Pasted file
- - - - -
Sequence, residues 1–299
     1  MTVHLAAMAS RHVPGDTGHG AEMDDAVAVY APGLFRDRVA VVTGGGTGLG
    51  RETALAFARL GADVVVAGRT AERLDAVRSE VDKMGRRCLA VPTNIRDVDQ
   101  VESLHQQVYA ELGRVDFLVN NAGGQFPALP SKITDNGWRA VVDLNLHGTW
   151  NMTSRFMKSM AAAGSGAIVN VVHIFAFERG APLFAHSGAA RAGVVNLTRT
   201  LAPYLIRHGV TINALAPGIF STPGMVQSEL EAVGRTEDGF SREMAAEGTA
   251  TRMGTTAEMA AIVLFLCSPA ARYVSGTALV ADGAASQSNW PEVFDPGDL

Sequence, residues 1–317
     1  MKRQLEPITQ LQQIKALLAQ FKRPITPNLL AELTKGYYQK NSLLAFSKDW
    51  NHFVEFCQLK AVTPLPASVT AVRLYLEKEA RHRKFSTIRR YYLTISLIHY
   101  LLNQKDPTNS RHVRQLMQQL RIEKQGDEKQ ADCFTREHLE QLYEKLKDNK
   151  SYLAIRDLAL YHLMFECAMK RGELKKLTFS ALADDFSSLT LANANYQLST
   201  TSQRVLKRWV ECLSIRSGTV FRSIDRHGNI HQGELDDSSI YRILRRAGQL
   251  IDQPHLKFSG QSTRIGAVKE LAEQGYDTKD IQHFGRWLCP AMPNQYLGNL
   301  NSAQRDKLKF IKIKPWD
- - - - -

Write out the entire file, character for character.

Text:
Sequence, residues 1–299
     1  MTVHLAAMAS RHVPGDTGHG AEMDDAVAVY APGLFRDRVA VVTGGGTGLG
    51  RETALAFARL GADVVVAGRT AERLDAVRSE VDKMGRRCLA VPTNIRDVDQ
   101  VESLHQQVYA ELGRVDFLVN NAGGQFPALP SKITDNGWRA VVDLNLHGTW
   151  NMTSRFMKSM AAAGSGAIVN VVHIFAFERG APLFAHSGAA RAGVVNLTRT
   201  LAPYLIRHGV TINALAPGIF STPGMVQSEL EAVGRTEDGF SREMAAEGTA
   251  TRMGTTAEMA AIVLFLCSPA ARYVSGTALV ADGAASQSNW PEVFDPGDL

Sequence, residues 1–317
     1  MKRQLEPITQ LQQIKALLAQ FKRPITPNLL AELTKGYYQK NSLLAFSKDW
    51  NHFVEFCQLK AVTPLPASVT AVRLYLEKEA RHRKFSTIRR YYLTISLIHY
   101  LLNQKDPTNS RHVRQLMQQL RIEKQGDEKQ ADCFTREHLE QLYEKLKDNK
   151  SYLAIRDLAL YHLMFECAMK RGELKKLTFS ALADDFSSLT LANANYQLST
   201  TSQRVLKRWV ECLSIRSGTV FRSIDRHGNI HQGELDDSSI YRILRRAGQL
   251  IDQPHLKFSG QSTRIGAVKE LAEQGYDTKD IQHFGRWLCP AMPNQYLGNL
   301  NSAQRDKLKF IKIKPWD